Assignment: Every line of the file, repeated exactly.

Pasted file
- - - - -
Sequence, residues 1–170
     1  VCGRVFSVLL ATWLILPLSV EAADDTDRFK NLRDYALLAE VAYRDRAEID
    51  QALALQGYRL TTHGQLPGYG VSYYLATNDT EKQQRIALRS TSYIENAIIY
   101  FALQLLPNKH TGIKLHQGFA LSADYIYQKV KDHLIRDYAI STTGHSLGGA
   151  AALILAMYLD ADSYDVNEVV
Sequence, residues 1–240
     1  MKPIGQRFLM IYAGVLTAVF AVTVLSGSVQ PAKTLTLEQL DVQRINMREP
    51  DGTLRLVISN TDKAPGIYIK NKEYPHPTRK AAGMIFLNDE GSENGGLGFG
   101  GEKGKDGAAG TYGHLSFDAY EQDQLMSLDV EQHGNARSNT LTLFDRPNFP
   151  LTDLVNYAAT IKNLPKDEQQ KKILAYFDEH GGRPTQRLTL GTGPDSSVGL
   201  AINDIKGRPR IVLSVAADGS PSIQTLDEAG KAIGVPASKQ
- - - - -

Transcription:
Sequence, residues 1–170
     1  VCGRVFSVLL ATWLILPLSV EAADDTDRFK NLRDYALLAE VAYRDRAEID
    51  QALALQGYRL TTHGQLPGYG VSYYLATNDT EKQQRIALRS TSYIENAIIY
   101  FALQLLPNKH TGIKLHQGFA LSADYIYQKV KDHLIRDYAI STTGHSLGGA
   151  AALILAMYLD ADSYDVNEVV
Sequence, residues 1–240
     1  MKPIGQRFLM IYAGVLTAVF AVTVLSGSVQ PAKTLTLEQL DVQRINMREP
    51  DGTLRLVISN TDKAPGIYIK NKEYPHPTRK AAGMIFLNDE GSENGGLGFG
   101  GEKGKDGAAG TYGHLSFDAY EQDQLMSLDV EQHGNARSNT LTLFDRPNFP
   151  LTDLVNYAAT IKNLPKDEQQ KKILAYFDEH GGRPTQRLTL GTGPDSSVGL
   201  AINDIKGRPR IVLSVAADGS PSIQTLDEAG KAIGVPASKQ